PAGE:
As the world grappled with the COVID-19 pandemic in 2020, the investing world grappled with its own upheavals. People who had money in the markets will likely long remember the period from mid-February to mid-March when the U.S. stock market fell 35% in just 16 trading days. Never before has the stock market so quickly switched gears from an all-time high to a bear market.
For those seeking to take a long-term approach to investing, there were other unsettling events. With pro sports shut down, the founder of a sports betting website turned to the stock market, live-streaming his day trading as millions of loyal followers tagged along. The prospect of quick riches surely played a role in an astounding 10 million new brokerage accounts being opened in 2020.
A sizable percentage of new investors chose a brokerage firm that made investing seem like a game by showering digital confetti on the screens of members who made a trade. To me, this felt like investing was becoming gambling; the principle that “steady plodding brings prosperity, hasty speculation brings poverty,” as Proverbs 21:5 teaches, was being cast aside as quaint, uninspired, and irrelevant.
We sent a survey to members of our Sound Mind Investing network, asking about their experience in the investment market last year. When we asked what had helped them navigate the big financial downturn in early 2020, 97% agreed with the statement, “Having faith that God would provide, no matter what happened in the market.” Many respondents cited practical factors that helped as well, such as good stewardship, and a steady-hand-on-the-wheel perspective about investing. But trust in God, reliance on the sound teachings of the Bible, and prayer were overwhelmingly affirmed. This faithful approach of God’s people never received any news coverage, but I am confident it delighted God’s heart.
When we asked about particular passages from the Scriptures our readers turned to, more than one-third of respondents provided examples. As the market plummeted, some of them relied on verses such as, “Cast all your anxiety on Him because He cares for you” (1 Peter 5:7), and “When I am afraid, I put my trust in you” (Psalm 56:3).
As the investment market’s volatility spiked, they took comfort from biblical affirmations such as “You will keep in perfect peace those whose minds are steadfast, because they trust in you” (Isaiah 26:3), and “I will say of the LORD, ‘He is my refuge and my fortress, my God, in whom I trust” (Psalm 91:2).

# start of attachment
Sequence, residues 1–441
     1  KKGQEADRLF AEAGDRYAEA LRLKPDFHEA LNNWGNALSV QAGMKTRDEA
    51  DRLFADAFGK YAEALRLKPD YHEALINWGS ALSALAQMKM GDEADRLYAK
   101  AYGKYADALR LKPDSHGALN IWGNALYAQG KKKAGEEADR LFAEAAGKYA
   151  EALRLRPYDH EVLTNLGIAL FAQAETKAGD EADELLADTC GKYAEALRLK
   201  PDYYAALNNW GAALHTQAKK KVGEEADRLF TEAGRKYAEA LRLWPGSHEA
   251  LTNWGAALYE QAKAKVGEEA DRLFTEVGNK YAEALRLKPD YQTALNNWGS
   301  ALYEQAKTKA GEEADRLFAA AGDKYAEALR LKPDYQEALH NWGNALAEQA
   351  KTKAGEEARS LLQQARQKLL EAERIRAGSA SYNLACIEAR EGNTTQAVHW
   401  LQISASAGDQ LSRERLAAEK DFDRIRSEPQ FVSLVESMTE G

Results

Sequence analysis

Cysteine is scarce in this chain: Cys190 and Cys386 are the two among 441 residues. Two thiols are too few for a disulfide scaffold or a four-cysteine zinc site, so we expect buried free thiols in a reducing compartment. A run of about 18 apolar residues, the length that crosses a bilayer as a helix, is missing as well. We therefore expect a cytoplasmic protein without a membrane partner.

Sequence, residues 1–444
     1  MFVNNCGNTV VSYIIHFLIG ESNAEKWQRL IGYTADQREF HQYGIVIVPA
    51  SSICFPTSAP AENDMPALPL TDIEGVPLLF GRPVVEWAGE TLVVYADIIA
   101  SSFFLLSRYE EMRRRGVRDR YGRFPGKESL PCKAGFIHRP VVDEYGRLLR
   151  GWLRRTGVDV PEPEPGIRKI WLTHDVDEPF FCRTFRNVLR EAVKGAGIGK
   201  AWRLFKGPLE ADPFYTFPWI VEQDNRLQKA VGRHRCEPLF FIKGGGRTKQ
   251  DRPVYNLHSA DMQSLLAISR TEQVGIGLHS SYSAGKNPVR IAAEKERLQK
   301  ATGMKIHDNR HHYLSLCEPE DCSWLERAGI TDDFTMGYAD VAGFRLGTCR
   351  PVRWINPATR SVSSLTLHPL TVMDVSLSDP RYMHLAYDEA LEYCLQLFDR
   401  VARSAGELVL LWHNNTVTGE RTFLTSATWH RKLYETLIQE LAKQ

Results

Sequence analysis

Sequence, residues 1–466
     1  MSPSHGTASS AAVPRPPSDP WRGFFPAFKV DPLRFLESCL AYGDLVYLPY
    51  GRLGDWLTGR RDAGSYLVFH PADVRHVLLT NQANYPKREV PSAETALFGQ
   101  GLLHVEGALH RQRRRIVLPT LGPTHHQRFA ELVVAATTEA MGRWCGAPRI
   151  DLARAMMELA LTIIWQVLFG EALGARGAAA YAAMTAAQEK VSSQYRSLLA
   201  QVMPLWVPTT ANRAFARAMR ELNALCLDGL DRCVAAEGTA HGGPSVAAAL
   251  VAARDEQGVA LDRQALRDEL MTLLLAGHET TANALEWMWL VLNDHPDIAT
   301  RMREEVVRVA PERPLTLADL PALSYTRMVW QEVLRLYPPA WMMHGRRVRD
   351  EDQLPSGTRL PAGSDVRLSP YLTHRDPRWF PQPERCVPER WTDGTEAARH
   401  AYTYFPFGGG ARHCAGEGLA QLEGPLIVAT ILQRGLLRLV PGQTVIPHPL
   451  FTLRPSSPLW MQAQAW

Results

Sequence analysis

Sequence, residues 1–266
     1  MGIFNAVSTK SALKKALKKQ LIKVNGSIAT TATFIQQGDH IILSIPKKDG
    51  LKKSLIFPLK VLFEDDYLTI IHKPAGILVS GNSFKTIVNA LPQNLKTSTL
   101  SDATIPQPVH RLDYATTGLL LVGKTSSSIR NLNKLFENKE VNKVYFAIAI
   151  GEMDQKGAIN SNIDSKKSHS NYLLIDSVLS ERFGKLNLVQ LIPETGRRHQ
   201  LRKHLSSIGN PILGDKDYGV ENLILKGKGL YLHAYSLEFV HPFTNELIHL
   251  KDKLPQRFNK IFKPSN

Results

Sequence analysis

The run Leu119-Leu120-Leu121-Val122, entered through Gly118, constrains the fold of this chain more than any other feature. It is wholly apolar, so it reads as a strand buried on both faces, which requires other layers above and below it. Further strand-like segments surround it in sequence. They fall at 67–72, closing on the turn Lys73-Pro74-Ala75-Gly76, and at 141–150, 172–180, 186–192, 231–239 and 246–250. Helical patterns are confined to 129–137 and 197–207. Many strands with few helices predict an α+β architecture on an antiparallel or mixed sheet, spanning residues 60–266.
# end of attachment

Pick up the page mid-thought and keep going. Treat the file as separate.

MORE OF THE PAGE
While millions rushed to online forums in a quest for quick riches, our members turned to God’s Word, meditating on verses such as “Some trust in chariots and some in horses, but we trust in the name of the LORD our God” (Psalm 20:7), and “For the love of money is a root of all kinds of evil. Some people, eager for money, have wandered from the faith and pierced themselves with many griefs” (1 Timothy 6:10).
The financial stock market moves in cycles. We can be prepared by committing to a strategy that fits with our needs, and by filling our hearts with the timeless truths of God’s Word. As the Bible reminds us in the most-cited verse in the survey, “Trust in the LORD with all your heart and lean not on your own understanding; in all your ways, submit to Him, and He will make your paths straight” (Proverbs 3:5-6).
© 2021. Matt Bell is Sound Mind Investing’s Managing Editor. He is the author of 4 personal finance books published by NavPress and two video-based small group resources. Matt speaks at churches and universities throughout the USA and has been quoted in USA TODAY, U.S. News & World Report, and many other media outlets.
1. What was the impact of the pandemic and the long period of economic upheaval on your own financial situation? How did you react during the worst, most uncertain times?
2. Where did you turn during that time of turmoil? Did you interact with and consult with trusted friends, or seek other resources for guidance? What about turning to the Bible and God’s many promises? Explain your answer.
3. How can general, broad promises in the Scriptures be applied to specific situations, such as the pandemic, global shutdowns, and its overall impact on the financial world? Do you think it is valid to do so? Why or why not?
4. Reading the Bible passages cited in this “Monday Manna,” which are you familiar with? If you found any to be particularly meaningful, which ones were they – and why?
NOTE: If you have a Bible and would like to read more, consider the following passages:Psalm 37:3-7,34; Isaiah 40:31, 41:10, Jeremiah 29:11, 33:3; Matthew 6:19-21,24-34